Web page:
Academic work-life balance

Being the kind of parent, especially a pre-tenure academic parent, that I aspire to be to two small kids is no easy feat. Before I began an assistant professorship at UWindsor, I spent some time overseas and had a chance to observe differences between parenting practices in Europe (mostly France and Denmark, but also in Norway, Germany, and Switzerland) and North America.

My sense is that Europeans are generally more kid-friendly. For example, young children dine in chic bistros with their parents for rather late dinners in Paris. Restaurants, even Michelin rated ones, do not frown when you show up with a child. Indeed, they bring out a booster seat and some toys for your child to play with. At the university, it is not uncommon to see children in faculty offices, perhaps recuperating from a cold. It is also possible to take your toddler to an academic research workshop with illustrious guest speakers–although I felt we were pushing it a little–in Scandinavia.

European academic parents also seem to work really hard during the day and during the work week so that they don’t have to work as much at night at home or on the weekend. I espouse this model of working smart rather than working more. At work, I am focused and do not waste time so that when I am home, I can spend quality time with my spouse, children, and dogs.

Kids grow up fast. My Daughter 1 looks like a child, not a baby anymore.

Pets may be demanding, but my dogs are good for stress relief because they force me outdoors.

I am fortunate that Daughter 2 is such a happy baby and has adjusted so well to daycare.

I was feeling a little frazzled this week and didn’t realize why until I took account of what I had worked on during the last couple of weeks:

  • book chapter proposal submission
  • conference paper proposal submission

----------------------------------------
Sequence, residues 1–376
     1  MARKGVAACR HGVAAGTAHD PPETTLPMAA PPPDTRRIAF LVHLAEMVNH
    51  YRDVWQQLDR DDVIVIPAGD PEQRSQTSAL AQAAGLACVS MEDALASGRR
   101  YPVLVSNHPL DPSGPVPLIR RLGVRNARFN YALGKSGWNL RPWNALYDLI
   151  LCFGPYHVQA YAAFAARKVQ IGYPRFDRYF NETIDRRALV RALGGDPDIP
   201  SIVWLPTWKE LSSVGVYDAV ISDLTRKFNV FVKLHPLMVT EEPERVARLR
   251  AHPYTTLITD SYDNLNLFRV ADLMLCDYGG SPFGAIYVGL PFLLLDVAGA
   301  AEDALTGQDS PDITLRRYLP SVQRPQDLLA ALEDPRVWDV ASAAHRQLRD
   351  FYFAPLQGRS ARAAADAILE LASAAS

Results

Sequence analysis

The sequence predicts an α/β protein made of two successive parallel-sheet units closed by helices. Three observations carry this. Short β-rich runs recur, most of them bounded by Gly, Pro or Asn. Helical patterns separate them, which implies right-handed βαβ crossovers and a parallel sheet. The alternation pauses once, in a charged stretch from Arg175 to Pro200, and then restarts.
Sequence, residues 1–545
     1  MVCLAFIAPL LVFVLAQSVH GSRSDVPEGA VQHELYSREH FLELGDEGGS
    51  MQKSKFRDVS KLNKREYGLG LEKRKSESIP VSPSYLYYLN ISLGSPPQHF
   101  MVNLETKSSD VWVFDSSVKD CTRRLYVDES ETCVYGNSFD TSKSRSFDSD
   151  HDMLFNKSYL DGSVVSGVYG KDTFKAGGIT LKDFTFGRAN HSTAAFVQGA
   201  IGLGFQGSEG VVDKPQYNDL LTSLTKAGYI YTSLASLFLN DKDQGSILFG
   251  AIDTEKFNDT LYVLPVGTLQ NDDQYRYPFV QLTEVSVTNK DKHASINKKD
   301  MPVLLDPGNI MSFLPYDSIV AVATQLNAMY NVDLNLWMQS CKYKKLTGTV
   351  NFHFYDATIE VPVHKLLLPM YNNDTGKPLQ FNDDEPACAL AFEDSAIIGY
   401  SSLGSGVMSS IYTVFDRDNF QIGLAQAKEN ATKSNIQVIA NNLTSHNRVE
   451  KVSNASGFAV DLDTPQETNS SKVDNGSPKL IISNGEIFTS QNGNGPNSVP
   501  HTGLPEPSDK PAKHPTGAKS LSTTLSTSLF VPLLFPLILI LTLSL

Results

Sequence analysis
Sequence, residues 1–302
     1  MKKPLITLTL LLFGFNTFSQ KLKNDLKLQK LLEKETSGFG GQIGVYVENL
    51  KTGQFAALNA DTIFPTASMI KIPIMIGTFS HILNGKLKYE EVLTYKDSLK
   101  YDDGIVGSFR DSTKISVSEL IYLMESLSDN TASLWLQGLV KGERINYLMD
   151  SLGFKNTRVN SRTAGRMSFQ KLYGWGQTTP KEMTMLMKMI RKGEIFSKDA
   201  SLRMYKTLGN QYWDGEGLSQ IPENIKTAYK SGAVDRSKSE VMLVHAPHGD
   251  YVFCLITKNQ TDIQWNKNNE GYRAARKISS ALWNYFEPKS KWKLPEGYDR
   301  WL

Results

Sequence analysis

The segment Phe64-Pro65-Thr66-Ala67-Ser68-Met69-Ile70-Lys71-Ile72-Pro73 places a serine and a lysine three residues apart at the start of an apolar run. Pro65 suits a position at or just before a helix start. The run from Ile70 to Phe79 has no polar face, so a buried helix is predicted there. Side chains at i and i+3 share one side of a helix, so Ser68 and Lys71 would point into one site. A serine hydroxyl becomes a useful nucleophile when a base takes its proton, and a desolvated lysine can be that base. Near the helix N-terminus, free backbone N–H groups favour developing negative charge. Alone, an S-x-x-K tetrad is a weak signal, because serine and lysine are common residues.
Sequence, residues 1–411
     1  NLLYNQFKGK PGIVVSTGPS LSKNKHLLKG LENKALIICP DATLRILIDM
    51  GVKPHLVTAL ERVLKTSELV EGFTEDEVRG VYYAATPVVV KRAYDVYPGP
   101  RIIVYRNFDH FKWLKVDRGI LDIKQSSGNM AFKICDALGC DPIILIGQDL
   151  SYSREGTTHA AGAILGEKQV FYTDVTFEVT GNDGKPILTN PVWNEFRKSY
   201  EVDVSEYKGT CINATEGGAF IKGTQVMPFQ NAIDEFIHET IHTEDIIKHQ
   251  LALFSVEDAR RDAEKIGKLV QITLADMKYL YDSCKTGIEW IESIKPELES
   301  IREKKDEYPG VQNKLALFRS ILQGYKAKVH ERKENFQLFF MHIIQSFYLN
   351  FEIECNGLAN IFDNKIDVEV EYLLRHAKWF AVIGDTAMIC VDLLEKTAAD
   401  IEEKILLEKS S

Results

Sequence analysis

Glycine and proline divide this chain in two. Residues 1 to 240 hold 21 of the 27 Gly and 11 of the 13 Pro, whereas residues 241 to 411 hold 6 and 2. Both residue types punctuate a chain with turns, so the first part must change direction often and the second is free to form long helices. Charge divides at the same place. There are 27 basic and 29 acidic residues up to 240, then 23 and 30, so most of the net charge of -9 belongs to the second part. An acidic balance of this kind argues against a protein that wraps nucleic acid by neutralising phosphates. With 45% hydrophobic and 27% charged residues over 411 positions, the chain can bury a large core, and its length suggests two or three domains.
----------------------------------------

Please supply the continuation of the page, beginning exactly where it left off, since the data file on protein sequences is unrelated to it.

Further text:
• book chapter editing, proofreading, and submission
  • grant proposal writing, communication with research assistant (RA) and research consultants (2)
  • journal article submission (still in progress)
  • chairing a committee
  • meeting with Dean and Associate Deans on program development
  • meeting with a student
  • marking assignments
  • thinking about new technologies and research opportunities
  • designing study for research ethics board application
  • etc…
  • I now understand what my committee member, Jim, had said about being a faculty member vs. being a graduate student. It is definitely more difficult being a professor than being a graduate student in terms of work load. Work-life balance in academia is something I am trying to figure out as a new faculty member. I have been advised by a couple of people more senior than me not to burn out in terms of my ambitious research goals. I’ve scaled things back a bit and will focus on teaching next term. I was told by one advisor that I will be “curled up in a ball” in March if I do not take a break over the holidays. I’m not sure how I am supposed to take a break because I’m moving house, marking, and my kids will be off from school.

    On the other hand, my doctoral supervisor Clare was right, too, about feeling more secure as a faculty member in your academic identity as a scholar in the field and having the confidence in your expertise compared to when you are a graduate student. This is a wonderful feeling, and I am looking forward to teaching my graduate courses next term because I would like to help graduate student researchers develop their identities, knowledge and skills.


    One response to “Academic work-life balance”

    1. […] in November, I wrote about trying to achieve work-life balance as an academic mom with two small children, two demanding dogs, and an academic spouse. I must […]

    Leave a Reply

    Your email address will not be published. Required fields are marked *